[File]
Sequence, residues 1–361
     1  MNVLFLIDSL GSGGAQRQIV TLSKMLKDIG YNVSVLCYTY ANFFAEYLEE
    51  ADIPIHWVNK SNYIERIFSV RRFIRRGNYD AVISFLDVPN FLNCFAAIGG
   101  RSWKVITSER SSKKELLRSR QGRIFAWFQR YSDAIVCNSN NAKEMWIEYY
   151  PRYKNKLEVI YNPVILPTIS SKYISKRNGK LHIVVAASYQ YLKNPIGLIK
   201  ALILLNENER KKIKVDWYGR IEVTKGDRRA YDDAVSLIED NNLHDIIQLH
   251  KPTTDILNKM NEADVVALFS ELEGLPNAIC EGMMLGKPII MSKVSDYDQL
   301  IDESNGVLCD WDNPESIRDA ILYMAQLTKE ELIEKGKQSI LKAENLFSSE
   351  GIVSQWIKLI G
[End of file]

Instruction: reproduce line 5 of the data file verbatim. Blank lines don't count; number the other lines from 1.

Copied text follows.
   151  PRYKNKLEVI YNPVILPTIS SKYISKRNGK LHIVVAASYQ YLKNPIGLIK